Beau Lotto When you open your eyes, do you see the world as it really is? Do we see reality? Humans have been asking themselves this question for thousands of years. From the shadows on the wall of Plato’s cave in “The Republic” to Morpheus offering Neo the red pill or the blue bill in “The Matrix,” the notion that what we see might not be what is truly there has troubled and tantalized us. In the eighteenth century, the philosopher Immanuel Kant argued that we can never have access to the Ding an sich, the unfiltered “thing-in-itself ” of objective reality. Great minds of history have taken up this perplexing question again and again. They all had theories, but now neuroscience has an answer. The answer is that we don’t see reality. The world exists. It’s just that we don’t see it. We do not experience the world as it is because our brain didn’t evolve to do so. It’s a paradox of sorts: Your brain gives you the impression that your perceptions are objectively real, yet the sensory processes that make perception possible actually separate you from ever accessing that reality directly. Our five senses are like a keyboard to a computer — they provide the means for information from the world to get in, but they have very little to do with what is then experienced in perception. They are in essence just mechanical media, and so play only a limited role in what we perceive. In fact, in terms of the sheer number of neural connections, just 10 percent of the information our brains use to see comes from our eyes. The rest comes from other parts of our brains, and this other 90 percent is in large part what this book is about. Perception derives not just from our five senses but from our brain’s seemingly infinitely sophisticated network that makes sense of all the incoming information. © 2017 The Associated Press.

Keyword: Vision
Link ID: 23529 - Posted: 04.25.2017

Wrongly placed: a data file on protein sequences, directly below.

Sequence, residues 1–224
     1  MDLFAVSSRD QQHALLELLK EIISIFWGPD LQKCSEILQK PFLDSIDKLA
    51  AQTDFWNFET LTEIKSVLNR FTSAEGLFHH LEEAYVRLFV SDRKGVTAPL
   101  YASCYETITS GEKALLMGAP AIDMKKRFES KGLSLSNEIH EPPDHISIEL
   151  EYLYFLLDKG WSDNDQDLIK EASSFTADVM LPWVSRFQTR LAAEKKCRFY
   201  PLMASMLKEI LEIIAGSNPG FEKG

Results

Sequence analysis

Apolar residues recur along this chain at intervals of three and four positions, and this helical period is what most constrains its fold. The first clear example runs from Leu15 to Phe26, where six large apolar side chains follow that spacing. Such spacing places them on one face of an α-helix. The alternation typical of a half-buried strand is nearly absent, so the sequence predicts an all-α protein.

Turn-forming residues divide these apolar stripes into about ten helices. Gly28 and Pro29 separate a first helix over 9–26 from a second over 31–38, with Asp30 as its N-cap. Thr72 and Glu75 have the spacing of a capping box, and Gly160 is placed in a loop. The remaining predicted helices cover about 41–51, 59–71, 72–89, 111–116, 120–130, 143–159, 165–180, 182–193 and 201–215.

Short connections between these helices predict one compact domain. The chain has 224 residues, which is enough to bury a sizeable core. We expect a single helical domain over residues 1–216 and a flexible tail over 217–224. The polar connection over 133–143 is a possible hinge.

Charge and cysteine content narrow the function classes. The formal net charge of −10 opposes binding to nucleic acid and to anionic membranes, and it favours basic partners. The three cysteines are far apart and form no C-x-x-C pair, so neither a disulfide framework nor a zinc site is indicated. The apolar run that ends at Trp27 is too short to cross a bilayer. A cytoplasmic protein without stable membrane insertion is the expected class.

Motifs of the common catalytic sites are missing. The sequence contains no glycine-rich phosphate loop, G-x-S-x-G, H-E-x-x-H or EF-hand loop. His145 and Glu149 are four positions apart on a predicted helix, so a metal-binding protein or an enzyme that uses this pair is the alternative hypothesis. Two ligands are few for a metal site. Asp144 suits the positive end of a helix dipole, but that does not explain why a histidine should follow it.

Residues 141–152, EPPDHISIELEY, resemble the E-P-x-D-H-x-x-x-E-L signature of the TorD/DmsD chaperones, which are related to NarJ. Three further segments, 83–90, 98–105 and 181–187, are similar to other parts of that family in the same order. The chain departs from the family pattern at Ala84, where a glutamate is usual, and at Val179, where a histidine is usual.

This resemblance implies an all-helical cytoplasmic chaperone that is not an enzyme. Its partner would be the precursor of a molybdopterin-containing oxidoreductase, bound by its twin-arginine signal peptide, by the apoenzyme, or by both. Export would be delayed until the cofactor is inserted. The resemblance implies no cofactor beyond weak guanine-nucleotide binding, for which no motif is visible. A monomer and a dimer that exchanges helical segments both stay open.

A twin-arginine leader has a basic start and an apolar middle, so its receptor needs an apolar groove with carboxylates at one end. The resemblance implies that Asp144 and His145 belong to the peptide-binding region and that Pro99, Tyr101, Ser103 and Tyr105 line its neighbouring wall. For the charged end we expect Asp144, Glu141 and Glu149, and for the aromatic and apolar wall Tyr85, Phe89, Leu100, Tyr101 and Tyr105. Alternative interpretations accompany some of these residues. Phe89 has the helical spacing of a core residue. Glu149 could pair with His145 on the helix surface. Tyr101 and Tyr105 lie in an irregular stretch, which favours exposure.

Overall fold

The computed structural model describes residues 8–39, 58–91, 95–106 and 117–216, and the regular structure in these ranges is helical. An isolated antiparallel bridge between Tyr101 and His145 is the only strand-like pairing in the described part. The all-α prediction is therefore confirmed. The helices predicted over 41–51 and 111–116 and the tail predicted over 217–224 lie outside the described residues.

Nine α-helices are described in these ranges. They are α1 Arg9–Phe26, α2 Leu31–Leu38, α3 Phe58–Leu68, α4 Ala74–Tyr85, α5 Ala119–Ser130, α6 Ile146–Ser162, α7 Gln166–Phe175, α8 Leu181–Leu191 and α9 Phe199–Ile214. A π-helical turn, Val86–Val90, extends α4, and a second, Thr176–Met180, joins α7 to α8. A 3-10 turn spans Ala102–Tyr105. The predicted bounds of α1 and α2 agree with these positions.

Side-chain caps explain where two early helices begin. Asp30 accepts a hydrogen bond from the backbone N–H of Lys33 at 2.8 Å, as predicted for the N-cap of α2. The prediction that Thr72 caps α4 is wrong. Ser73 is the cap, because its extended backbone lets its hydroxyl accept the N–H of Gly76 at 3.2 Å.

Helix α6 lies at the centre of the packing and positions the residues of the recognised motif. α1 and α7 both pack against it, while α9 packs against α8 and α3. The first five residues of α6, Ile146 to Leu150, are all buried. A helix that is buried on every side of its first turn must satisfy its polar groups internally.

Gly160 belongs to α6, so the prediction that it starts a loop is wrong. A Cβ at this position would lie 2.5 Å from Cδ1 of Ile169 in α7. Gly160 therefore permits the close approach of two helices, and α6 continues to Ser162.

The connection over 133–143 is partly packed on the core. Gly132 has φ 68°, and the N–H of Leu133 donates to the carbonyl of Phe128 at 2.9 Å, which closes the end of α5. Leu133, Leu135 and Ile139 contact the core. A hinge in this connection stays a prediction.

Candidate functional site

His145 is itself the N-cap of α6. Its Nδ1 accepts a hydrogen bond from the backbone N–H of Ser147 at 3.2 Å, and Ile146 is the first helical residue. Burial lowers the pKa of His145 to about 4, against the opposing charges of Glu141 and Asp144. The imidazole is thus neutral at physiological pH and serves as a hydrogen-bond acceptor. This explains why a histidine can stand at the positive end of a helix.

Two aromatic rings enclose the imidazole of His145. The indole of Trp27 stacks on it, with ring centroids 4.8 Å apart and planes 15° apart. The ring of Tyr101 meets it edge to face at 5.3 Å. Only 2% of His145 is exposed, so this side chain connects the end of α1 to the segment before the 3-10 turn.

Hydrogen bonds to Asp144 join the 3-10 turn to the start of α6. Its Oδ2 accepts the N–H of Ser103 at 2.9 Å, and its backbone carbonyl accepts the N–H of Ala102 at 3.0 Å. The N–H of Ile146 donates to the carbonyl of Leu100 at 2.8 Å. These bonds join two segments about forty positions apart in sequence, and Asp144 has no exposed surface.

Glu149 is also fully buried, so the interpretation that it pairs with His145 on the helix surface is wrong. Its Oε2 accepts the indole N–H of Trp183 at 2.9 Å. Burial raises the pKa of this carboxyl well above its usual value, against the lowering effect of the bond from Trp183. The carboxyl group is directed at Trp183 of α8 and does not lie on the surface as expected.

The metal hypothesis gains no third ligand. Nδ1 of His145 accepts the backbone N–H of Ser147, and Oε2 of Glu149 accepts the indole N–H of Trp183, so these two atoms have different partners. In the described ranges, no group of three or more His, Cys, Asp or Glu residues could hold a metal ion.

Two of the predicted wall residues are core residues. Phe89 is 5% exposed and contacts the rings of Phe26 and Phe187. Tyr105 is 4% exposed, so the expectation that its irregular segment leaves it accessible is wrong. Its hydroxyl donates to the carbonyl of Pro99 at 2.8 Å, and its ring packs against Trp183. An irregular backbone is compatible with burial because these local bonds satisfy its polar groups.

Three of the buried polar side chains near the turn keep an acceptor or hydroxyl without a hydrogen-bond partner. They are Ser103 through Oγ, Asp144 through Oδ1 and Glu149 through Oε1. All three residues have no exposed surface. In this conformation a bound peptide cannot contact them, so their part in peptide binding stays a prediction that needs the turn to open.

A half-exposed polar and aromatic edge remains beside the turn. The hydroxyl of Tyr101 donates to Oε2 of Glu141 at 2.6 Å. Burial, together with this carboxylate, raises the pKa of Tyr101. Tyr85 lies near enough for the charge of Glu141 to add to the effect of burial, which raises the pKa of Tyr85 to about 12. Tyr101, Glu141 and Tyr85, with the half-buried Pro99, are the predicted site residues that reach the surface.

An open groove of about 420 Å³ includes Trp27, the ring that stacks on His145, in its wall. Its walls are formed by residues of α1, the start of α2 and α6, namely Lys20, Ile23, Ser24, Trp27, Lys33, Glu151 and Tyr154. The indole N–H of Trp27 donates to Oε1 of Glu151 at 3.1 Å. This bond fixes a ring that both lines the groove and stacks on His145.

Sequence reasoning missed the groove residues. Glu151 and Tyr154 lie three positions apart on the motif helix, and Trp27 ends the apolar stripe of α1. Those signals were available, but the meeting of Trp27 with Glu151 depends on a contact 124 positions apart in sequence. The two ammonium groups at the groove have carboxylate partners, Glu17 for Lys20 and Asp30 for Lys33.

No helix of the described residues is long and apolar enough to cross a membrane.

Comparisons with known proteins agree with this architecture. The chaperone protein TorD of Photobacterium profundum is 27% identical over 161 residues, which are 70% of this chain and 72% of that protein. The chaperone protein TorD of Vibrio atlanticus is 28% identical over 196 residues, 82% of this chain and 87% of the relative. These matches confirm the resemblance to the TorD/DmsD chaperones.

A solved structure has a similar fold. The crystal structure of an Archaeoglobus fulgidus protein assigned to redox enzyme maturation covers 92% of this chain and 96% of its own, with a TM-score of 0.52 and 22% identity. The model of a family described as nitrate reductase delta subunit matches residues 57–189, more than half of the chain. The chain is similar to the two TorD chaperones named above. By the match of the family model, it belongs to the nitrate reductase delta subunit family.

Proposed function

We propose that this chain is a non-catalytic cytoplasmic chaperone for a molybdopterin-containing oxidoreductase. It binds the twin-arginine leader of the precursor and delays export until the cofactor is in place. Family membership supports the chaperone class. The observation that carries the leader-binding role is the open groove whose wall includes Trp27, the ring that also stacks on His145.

Jonathan Rée Beau Lotto is a gung-ho neuroscientist. “[The] great minds of history,” he says, “had theories, but now neuroscience has an answer.” The latest research has, it seems, established that everything you experience “takes place in the brain” and that “you never, ever see reality!” (Lotto loves his italics and exclamation marks.) Your brain may be beautiful, but “what makes it beautiful is that it is delusional” and you should therefore get shot of your inhibitions and summon the courage to “deviate!” Perhaps we should back up a little. Early in the book, Lotto mentions a French scientist called Michel Chevreul who started working at the Gobelins textile factory in Paris in the 1820s. Chevreul had to deal with complaints about coloured yarns that seemed to fade after being woven into tapestries, and his patient chemical analyses did not get him anywhere. But then he shifted his attention from the science of dyestuffs to the psychology of perception, and he was on the way to a solution: colours, he discovered, change their appearance when looked at side by side. I needed respite from Lotto’s exclamation marks so I spent an afternoon in the British Library looking through a gorgeous old volume in which Chevreul expounded his “law of the simultaneous contrast of colours”. Chevreul began by showing how a black line has drastic effects on the appearance of adjacent colours, and how a red patch makes its surroundings look green. He then discussed the difference between colours in an object and colours in a painting, and offered suggestions about the design of picture frames and the use of colour in theatre; and he finished with wonderful planting plans for beds of multicoloured crocuses and dahlias. The book is itself an exuberant work of art, with tinted pages and fold-out arrays of coloured dots looking like prototypes of the spot paintings of Damien Hirst.